I love the imagining of the Vatican Archives, which I'm quite sure Ron Howard and his people didn't get to see -- a high-tech preservation library and museum under the ancient buildings above -- as well as the way footage of St. Peter's Square and the Sistine Chapel were used, since I understand they weren't allowed to film there either. Tom Hanks is definitely not at his most dynamic, but that's the limitations of the role, and really, I'd so much rather see him play a nerd than see Langdon start a heated argument with Vatican police or flirting with Vittoria (who's played by an actress decades younger than Hanks). In general I like the international cast, and it's no surprise that Stellan Starsgard's Richter and Ewan McGregor's Camerlengo are the most engaging characters -- they're the most fervent about things.
It's too bad we don't get to hear a bit more about Vittoria's work in general but hey, this is a conspiracy set in the Vatican -- I'm just glad there was a significant role for a woman and no one questioned her right to be in the archives etc. I can put up with a small number of major female characters better in movies with historical settings where it makes sense (Master & Commander) or invested deeply in issues of patriarchal power like this one than I can in big futuristic epics that really should know better.
After the film we took a walk around the lake outside the shopping plaza that the theater complex is part of:
And the water is filled with geese, ducks...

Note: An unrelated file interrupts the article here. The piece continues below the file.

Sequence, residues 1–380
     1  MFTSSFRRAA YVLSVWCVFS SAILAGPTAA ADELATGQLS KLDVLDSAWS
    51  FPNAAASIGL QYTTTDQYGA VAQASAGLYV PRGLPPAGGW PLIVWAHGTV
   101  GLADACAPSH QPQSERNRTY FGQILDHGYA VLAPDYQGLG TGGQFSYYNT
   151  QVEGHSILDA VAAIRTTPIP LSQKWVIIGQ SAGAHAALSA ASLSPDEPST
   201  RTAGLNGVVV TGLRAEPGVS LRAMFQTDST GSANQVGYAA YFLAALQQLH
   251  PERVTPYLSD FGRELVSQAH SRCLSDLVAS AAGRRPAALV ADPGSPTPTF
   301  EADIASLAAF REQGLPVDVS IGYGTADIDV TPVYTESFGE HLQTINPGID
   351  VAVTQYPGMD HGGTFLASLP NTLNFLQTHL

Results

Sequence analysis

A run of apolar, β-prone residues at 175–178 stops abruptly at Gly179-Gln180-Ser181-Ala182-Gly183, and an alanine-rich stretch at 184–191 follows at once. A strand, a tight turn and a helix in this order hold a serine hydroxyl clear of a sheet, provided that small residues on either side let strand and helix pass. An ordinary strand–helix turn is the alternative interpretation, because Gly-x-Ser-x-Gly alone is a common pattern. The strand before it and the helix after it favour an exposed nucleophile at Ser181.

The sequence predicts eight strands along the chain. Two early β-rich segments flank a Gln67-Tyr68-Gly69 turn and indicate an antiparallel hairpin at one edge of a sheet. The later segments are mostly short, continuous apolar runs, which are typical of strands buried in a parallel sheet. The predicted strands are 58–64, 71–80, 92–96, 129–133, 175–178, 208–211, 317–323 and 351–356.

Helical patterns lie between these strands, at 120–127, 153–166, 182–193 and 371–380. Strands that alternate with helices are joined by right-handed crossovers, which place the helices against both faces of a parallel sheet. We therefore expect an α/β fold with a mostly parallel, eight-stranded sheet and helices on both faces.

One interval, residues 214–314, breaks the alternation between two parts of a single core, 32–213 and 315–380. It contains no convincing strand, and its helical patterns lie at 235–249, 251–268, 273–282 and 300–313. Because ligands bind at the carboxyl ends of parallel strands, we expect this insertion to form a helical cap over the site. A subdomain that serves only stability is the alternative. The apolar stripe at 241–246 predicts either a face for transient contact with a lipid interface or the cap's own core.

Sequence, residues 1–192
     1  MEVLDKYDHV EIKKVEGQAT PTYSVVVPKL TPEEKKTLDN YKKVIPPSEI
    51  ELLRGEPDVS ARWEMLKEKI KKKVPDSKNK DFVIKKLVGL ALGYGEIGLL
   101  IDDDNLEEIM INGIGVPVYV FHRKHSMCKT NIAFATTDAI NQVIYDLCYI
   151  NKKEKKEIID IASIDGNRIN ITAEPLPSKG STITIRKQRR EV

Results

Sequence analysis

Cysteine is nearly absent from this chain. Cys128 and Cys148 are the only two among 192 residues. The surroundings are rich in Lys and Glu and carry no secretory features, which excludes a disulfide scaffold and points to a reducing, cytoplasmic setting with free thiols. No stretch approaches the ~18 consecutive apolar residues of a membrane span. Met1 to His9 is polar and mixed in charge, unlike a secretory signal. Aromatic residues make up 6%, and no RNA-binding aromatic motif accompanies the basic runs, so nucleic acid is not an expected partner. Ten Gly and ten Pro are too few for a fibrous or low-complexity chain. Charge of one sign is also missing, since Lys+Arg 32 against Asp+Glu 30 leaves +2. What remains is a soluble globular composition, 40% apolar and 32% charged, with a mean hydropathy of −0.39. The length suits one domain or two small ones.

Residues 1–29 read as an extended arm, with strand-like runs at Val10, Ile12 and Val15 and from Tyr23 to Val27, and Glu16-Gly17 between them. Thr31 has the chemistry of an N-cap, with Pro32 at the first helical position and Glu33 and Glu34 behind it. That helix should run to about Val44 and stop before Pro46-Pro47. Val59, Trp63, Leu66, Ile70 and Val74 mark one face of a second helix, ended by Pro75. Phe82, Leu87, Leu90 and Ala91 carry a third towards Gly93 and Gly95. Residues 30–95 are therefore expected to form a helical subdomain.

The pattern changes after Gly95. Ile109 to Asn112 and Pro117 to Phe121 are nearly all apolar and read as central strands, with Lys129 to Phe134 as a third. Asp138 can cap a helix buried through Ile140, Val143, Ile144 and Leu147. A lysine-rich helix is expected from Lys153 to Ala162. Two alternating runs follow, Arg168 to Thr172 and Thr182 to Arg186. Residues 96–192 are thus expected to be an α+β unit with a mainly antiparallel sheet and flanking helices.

...and paddleboats circling by the waterside restaurants.
You can see the geese nesting under the boardwalk that connects the buildings.
The azaleas are clearly past their peak...
...but the wild yellow iris are brilliant...
...and I think these are wild roses, also planted in the erosion-resistant beds around the lake.
It's a pretty place for a walk even with a storm coming.
While we were walking, watching the sky darken with the thunderstorm that arrived soon after, my mother sent a text asking if we wanted to come over for dinner, so we had pizza and watched the Preakness there. I wanted either filly Rachel Alexandra or Derby winner Mine That Bird to win -- I hate rooting against an underdog but I also hate rooting against the girl -- so I was happy that they finished one-two.
In the evening, Adam worked on his Bar Mitzvah speech and Daniel worked on homework, then we watched Horatio Hornblower: Loyalty, which is not my favorite story-wise but has lovely Hornblower/Bush stuff and Hornblower/Pellew stuff, and unlike pretty much everyone I know in this fandom, I actually like Maria. Now we have stumbled upon Beyond the Da Vinci Code on the History Channel and they are showing the Chalice Well Gardens and Tor in Glastonbury in a discussion of Grail mythology, so I am pleased and nostalgic.